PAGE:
Hidden among the tidal marshes, Tomoka State Park offers a shady campground, miles of paddle trails, biking and hiking, and a productive fishery.
Kayak, Canoe, Paddle Trails
This state park has superior cabins and is a great base for kayaking the Suwannee and hiking. It’s also home to an oddly dated museum on Stephen Foster. (We considered it a funky Florida find.)
Cabbage Key is reachable only by boat. It’s popular as a lunch-cruise destination. But stay overnight in the inn or cabins to discover its true charms. On our visit, we also found it’s a great base for exploring by kayak.
Fakahatchee Strand Preserve State Park — the biggest state park in Florida — is a vast, wild place near Everglades City. Year after year, we drove right past, but there are three great reasons to spend time here. We’re glad we did.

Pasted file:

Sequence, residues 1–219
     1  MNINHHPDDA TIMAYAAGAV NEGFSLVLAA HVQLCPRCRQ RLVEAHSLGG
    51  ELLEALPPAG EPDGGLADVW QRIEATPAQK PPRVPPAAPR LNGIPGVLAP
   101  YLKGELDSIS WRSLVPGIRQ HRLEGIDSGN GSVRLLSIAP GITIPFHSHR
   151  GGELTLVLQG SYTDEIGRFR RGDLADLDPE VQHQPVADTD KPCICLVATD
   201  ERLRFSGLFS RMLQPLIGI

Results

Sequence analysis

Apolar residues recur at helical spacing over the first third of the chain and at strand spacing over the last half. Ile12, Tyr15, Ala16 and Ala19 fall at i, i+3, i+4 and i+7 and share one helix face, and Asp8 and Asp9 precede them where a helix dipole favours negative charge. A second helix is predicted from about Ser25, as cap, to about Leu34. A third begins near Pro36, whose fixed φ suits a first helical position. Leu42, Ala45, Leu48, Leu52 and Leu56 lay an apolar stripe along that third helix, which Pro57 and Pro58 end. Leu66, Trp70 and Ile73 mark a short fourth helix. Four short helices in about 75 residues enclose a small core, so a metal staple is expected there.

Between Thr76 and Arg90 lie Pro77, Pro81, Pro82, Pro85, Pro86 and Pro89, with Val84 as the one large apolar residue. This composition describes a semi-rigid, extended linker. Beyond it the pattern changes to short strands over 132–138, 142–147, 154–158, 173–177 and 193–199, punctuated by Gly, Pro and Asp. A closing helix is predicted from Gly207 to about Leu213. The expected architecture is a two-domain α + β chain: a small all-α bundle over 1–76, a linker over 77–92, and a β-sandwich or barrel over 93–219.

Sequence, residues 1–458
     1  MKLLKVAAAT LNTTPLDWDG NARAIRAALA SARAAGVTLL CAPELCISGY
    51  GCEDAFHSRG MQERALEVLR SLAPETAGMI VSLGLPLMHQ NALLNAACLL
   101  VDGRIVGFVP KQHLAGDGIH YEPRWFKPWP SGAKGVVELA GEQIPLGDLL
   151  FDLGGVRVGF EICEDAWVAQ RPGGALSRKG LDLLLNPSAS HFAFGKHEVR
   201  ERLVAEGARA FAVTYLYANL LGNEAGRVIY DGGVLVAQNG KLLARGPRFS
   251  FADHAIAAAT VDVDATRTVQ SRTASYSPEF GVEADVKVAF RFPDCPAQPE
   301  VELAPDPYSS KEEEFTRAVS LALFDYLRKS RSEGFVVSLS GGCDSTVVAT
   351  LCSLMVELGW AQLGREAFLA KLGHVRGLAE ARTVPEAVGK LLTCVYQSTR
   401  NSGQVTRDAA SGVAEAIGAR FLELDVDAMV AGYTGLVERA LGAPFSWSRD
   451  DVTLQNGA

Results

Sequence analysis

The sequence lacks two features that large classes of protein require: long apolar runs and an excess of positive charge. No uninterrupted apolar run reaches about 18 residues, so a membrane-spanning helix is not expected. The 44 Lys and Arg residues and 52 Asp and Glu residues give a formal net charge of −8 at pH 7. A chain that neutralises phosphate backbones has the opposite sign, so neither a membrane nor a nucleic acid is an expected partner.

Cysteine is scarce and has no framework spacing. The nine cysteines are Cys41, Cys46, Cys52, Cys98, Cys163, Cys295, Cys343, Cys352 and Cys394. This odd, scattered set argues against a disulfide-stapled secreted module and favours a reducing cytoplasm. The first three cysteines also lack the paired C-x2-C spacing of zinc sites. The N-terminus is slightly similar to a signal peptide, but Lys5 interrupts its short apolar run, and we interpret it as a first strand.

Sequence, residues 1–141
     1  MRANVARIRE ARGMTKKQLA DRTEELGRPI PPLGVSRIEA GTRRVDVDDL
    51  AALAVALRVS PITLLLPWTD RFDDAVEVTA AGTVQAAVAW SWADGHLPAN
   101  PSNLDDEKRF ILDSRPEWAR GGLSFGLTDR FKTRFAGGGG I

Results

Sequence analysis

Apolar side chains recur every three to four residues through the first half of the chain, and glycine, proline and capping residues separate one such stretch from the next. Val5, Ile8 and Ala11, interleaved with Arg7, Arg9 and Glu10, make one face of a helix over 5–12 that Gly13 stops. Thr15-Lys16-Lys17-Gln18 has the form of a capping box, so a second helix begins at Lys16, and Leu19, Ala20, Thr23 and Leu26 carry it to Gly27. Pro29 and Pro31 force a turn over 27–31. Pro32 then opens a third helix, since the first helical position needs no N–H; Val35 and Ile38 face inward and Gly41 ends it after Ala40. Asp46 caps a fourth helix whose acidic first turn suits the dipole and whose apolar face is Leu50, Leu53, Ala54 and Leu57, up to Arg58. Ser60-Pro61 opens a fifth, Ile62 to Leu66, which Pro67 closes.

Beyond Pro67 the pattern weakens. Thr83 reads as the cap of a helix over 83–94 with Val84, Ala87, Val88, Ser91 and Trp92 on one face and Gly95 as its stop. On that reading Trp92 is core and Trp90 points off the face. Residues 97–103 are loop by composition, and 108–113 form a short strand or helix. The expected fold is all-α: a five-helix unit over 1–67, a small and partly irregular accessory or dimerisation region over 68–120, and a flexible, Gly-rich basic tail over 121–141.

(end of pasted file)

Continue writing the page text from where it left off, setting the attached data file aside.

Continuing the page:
A kayak paddle in the nearby waterways is a way to reduce traffic hassles and still experience some of the Fort Lauderdale Air Show May 6-7. Here’s how to do it.
New cabins bring the “comfort camping” experience to this big, varied state park where you can kayak on a wild river, bicycle, hike for miles and explore an interesting area.
The clear waters flowing out of Alexander Springs are the start of a great paddling trail inside Ocala National Forest. It’s an easy stream to paddle with lots of wildlife, especially birds and fish.
When driving I-95, you can travel five minutes off the highway and find romantic ruins, have a picnic and a walk through the woods in this Flagler County state park. In minutes, you feel like you’re in another world.
This Punta Gorda creek should be better known. Its tree canopy and unspoiled Old Florida feel offer kayakers natural beauty and wildlife, all in an easy, accessible day paddle.
Between Lake Okeechobee and Fort Myers, a stretch of the Caloosahatchee River offers a taste of Old Florida — small towns, rivers ideal for kayaking and good public campgrounds.